The US Congress on Friday allowed an estimated $5 billion cut to a federal food stamps program to take effect, slashing the social safety net for the poor, elderly and disabled. Almost 48 million, or one in seven, Americans have had food subsidies cut 13.6 percent after a 2009 recession-fighting measure expired Thursday with no congressional action to extend it. The cuts come as the world's largest economy has still only achieved a tepid recovery from severe recession, marred by persistently high unemployment and budget gridlock in Washington.
Three unions representing ground staff have agreed to plans by Air France to slash over 5,000 jobs by 2014 as part of a vast plan to make the struggling airline profitable, sources said.The labour union sources said the CFDT, CFE-CGC and FO unions signed onto the deal, which will see the workforce shrink by 10 percent through voluntary departures and job reassignments.The signatures ensure the accord will have sufficient support to be adopted, even though the main union among the 32,000 ground staff, the CGT, has refused to sign up.
Europe has been on the "verge" of a deal for two weeks. However, a deal is meaningless if Germany insists on budget controls. Actually a deal now is meaningless even if Germany does back down because at some point Greek politicians will have had enough. Here are the latest stories.
Yahoo! Finance reports Greece, creditors on verge of clinching debt deal
Air France cancelled 20 percent of its scheduled flights Saturday due to a strike by cabin crew expected to last five days, including a major national holiday.Some 200 out of 1,000 scheduled flights were cancelled, a company spokeswoman told AFP, after two of three unions representing flight attendants called the action to protest plans to reduce the number of crew on each flight.In a statement published on its website, Air France said that "its customers are being held hostage by a five-day strike for which there is no reason."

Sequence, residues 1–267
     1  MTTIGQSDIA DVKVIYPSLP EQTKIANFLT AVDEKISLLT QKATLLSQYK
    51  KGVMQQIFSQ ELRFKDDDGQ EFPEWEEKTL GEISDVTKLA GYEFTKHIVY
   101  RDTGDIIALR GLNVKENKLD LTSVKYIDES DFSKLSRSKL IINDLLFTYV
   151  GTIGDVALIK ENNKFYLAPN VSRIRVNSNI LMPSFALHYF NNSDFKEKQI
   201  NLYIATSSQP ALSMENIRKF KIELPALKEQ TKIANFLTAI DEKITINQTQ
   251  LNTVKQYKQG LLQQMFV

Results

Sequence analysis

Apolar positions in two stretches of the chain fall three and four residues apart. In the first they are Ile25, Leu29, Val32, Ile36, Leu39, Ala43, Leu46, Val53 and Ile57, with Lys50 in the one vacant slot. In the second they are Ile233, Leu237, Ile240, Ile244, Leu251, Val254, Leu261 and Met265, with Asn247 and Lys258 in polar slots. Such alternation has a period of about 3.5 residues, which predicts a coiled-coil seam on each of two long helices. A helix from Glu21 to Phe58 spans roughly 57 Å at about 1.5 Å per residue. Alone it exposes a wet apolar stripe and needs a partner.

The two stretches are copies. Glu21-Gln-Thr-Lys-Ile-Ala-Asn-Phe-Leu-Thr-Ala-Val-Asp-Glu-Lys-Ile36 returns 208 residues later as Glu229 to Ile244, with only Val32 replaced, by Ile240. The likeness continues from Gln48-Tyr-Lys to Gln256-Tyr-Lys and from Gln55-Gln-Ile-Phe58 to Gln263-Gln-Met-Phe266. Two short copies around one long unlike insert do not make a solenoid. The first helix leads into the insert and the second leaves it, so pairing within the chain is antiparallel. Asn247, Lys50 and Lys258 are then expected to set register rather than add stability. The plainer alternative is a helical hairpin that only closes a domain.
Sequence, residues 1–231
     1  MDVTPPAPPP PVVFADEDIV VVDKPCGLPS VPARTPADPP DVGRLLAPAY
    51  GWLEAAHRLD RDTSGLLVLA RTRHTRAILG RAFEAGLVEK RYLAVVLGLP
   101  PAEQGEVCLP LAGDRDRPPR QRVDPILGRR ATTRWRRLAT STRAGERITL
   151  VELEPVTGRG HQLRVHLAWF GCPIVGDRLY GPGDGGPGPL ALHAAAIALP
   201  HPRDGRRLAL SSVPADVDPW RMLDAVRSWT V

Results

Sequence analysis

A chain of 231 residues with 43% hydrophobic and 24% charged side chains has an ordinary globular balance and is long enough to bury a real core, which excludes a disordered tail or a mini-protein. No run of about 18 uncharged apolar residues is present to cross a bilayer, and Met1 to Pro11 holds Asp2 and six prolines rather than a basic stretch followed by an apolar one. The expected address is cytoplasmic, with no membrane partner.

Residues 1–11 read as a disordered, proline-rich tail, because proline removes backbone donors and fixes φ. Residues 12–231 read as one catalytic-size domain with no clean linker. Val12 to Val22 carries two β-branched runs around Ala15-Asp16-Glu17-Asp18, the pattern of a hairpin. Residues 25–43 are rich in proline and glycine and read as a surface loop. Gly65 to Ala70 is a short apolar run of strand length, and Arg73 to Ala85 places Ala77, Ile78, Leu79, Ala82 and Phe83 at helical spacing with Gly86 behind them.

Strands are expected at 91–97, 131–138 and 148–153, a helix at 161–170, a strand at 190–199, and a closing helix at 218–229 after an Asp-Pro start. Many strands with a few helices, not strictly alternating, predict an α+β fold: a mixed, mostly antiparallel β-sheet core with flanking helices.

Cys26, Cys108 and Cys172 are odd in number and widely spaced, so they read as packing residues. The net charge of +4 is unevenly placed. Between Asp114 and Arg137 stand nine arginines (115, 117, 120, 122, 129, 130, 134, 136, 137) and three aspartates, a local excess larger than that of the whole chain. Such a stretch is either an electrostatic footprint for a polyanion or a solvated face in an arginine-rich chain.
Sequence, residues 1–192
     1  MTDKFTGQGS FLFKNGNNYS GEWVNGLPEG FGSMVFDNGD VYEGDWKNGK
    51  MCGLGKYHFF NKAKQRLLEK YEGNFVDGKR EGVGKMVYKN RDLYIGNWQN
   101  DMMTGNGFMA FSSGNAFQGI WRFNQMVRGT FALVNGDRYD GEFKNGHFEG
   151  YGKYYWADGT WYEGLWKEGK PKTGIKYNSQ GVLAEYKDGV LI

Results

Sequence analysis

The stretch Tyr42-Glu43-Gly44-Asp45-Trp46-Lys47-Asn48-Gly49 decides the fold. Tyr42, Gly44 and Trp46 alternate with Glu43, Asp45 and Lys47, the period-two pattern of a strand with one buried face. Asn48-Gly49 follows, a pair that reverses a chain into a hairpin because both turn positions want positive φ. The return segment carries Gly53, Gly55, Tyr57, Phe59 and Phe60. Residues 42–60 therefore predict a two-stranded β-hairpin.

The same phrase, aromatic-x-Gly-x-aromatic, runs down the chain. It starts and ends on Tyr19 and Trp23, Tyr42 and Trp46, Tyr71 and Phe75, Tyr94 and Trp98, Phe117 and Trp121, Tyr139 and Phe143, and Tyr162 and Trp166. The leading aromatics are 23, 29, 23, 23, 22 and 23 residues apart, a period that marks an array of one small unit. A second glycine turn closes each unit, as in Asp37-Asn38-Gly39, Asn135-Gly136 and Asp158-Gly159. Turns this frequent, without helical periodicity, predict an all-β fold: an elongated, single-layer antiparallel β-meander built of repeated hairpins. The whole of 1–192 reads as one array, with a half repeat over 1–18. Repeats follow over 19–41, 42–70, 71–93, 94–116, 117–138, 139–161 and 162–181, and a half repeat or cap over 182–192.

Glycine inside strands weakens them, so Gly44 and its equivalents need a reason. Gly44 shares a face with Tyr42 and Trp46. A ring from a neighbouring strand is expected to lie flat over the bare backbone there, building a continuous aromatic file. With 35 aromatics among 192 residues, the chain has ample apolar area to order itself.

An excellent point from Kristina Wilfore who observes that if you want a decent test of the “tea party” movement you could do worse than to look at TABOR proposals that would put arbitrary caps on state government spending and force meaningful reductions in the size of government. Two such proposals were on the ballot last night in Washington and Maine and they lost:
In hopes of reducing the impact of Obamacare, Olive Garden and Red Lobster are reducing hours and studying the impact.
Right now, this is just a small test, involving only four stores. However, if large chains are testing in that direction, no doubt other companies are doing the same. I also suspect smaller chains have already shifted to that model completely.